30th January, 2017 by Scott Guthrie

Digital participation is not just a question of technology. Helping people to get online starts with finding their individual motivation.

Today’s world is filled with services offering TV and films streamed online and on demand. It is a world of Facebook and news sites. A world where you can ask Google anything and where you can keep in contact with family and friends with a free video call.


The digital age offers vast opportunities to connect and communicate so you might think there is enough to pique everyone’s interest. Not so, findings in the Lloyds Bank UK Consumer Digital Index, 2016  report reveal that 61% of non-internet users say they’re not online because they lack interest in the internet. 


Lack of digital skills hinder professional and personal lives


An absence of digital skills does not only inhibit opportunities in people’s social lives. Almost 90% of new jobs require digital skills to some degree. 72% of employers say they are unwilling to interview candidates who do not have basic IT skills. Yet 12.6 million adults in the UK are without basic digital skills according to a Go On UK report. Furthermore, an estimated 5.3 million adults in the UK have never used the internet, according to the ONS’ most recent figures.


Of course saying the internet doesn’t interest you and not being interested in it aren’t necessarily one and the same. The presenting issue of a lack of interest may be a mask for other underlying causes.


Before being able to help learners manage information, make a video call or complete an online transaction educators often have to first address the learner’s attitudes towards the internet.    


One way to build motivation is to put the learner in the driver’s seat and to build the learning around them rather than explicitly for the organisation.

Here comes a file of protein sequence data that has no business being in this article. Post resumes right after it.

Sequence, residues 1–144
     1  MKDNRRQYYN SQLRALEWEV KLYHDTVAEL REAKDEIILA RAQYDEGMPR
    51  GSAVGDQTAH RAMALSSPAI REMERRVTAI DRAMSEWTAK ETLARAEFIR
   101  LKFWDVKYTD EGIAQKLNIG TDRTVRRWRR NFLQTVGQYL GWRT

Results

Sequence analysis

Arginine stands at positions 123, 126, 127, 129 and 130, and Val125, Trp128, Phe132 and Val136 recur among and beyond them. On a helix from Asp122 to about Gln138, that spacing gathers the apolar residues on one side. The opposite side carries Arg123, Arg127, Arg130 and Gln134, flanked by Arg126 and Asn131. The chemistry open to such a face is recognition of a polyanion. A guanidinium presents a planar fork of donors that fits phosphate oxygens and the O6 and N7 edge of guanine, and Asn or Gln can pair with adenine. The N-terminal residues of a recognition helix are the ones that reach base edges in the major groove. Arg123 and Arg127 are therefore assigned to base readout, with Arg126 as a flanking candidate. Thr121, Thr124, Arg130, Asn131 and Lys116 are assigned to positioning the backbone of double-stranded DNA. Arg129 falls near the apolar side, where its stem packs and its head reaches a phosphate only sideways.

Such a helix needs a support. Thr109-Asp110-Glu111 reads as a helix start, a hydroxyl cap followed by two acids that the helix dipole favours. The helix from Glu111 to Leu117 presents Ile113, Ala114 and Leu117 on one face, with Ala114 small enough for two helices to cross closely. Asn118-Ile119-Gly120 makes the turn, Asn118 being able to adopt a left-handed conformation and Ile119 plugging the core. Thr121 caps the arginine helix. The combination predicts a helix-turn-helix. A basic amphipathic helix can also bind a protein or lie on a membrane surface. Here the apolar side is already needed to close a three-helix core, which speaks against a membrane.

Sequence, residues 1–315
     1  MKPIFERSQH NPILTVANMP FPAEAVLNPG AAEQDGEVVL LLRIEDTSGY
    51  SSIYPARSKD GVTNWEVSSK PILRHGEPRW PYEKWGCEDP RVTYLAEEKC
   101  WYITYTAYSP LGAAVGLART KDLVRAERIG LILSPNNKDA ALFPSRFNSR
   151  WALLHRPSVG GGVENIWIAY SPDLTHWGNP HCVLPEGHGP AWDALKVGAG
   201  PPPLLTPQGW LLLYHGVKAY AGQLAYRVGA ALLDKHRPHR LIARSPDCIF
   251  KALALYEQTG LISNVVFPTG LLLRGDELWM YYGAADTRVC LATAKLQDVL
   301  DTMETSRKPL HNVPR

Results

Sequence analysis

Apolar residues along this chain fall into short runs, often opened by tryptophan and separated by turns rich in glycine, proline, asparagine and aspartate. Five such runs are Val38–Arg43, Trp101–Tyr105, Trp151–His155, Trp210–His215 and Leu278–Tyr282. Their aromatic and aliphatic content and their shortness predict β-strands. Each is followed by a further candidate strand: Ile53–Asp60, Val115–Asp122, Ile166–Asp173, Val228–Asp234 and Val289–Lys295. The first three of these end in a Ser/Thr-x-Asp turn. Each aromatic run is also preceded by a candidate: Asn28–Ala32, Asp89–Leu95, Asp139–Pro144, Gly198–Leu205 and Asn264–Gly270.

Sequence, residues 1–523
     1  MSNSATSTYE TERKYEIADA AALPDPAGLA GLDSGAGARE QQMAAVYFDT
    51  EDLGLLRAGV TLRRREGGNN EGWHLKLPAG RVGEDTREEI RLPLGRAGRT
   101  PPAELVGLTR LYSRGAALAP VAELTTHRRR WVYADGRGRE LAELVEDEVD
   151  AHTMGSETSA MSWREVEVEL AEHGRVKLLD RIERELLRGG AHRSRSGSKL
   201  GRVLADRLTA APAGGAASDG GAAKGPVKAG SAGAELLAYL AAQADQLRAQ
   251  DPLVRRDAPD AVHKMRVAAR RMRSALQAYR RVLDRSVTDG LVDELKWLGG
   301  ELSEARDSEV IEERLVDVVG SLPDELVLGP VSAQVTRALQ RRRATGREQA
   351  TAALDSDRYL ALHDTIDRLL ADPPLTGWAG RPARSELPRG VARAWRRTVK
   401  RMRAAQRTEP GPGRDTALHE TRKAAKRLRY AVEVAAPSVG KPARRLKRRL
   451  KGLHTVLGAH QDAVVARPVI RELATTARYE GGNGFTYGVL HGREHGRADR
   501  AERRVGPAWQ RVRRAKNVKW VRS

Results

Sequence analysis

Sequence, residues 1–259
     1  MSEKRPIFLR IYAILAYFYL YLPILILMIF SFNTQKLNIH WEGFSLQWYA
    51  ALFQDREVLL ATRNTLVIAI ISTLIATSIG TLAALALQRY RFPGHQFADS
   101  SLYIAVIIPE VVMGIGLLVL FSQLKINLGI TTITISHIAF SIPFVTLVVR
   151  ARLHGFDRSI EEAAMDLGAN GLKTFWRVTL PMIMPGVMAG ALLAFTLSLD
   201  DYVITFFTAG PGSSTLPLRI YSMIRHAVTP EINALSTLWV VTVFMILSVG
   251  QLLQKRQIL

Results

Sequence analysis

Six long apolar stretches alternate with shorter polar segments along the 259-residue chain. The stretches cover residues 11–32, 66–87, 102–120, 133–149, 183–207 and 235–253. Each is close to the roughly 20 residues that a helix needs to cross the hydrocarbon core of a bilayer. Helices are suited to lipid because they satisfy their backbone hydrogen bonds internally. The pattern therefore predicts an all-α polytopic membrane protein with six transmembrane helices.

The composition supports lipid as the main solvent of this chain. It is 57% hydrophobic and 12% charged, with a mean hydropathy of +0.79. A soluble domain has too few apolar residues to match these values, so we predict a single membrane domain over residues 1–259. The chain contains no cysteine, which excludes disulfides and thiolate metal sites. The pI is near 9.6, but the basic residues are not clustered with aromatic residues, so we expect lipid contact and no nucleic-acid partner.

Digital Champions Network helps identify learners’ motivations


At Digital Unite our Digital Champions Network provides Digital Champions with access to eLearning modules, downloadable teaching resources and online technology guides which provide advice and other information on subjects including how to identify motivations for learning, and how to best engage with learners.


A few key motivators for getting online that we have identified include:

  • Improving communication with family, friends, landlords, and authorities
  • Accessing information
  • Pursuing hobbies and interests
  • Being able to catch up on missed television programmes via BBC iPlayer etc.


The key to building confidence and motivation in digital skills is to help Digital Champions find the motivation that each learner wants to benefit from and then help them achieve it.


Learners may start using the internet so as to communicate with friends and family via email, messaging apps or video calling services for instance. But once they have satisfied their initial motivations alongside their technology know-how they will want to progress onto using other services.


Results from a two-year Citizens Online research study shows, for instance, that 12 months after receiving digital training, over 50% of learners were using Government Services online.



Digital Champion feedback shows importance of motivations first


Feedback through the Digital Champion Network pays testimony to the benefits of identifying individual motivations first.


Sarah, a digital learner told us: “Finding out why something is useful, or what it can do for me, helps keep me hooked. It also helps me persevere when I’m struggling”.


I stay motivated if my Digital Champion is telling me why it’s relevant to the real world and to my life”.


So, telling stories and using metaphors helps me, as I can visualise how I’m going to use my new skills when I’m on my own. I like it when my Digital Champion uses a story from their own life. It’s encouraging!” 


One moving story of a learner’s motivation to acquire basic digital skills comes from a woman in her 80s. She explained that she had repeatedly been told that her parents were never married and was determined to find out the truth one way or another.


With the help of one of our Digital Champions, she accessed a historical record website and downloaded her parents’ marriage certificate.


Our goal at Digital Unite is to drive positive change within client organisations. We support you to empower your people to achieve digital transformation.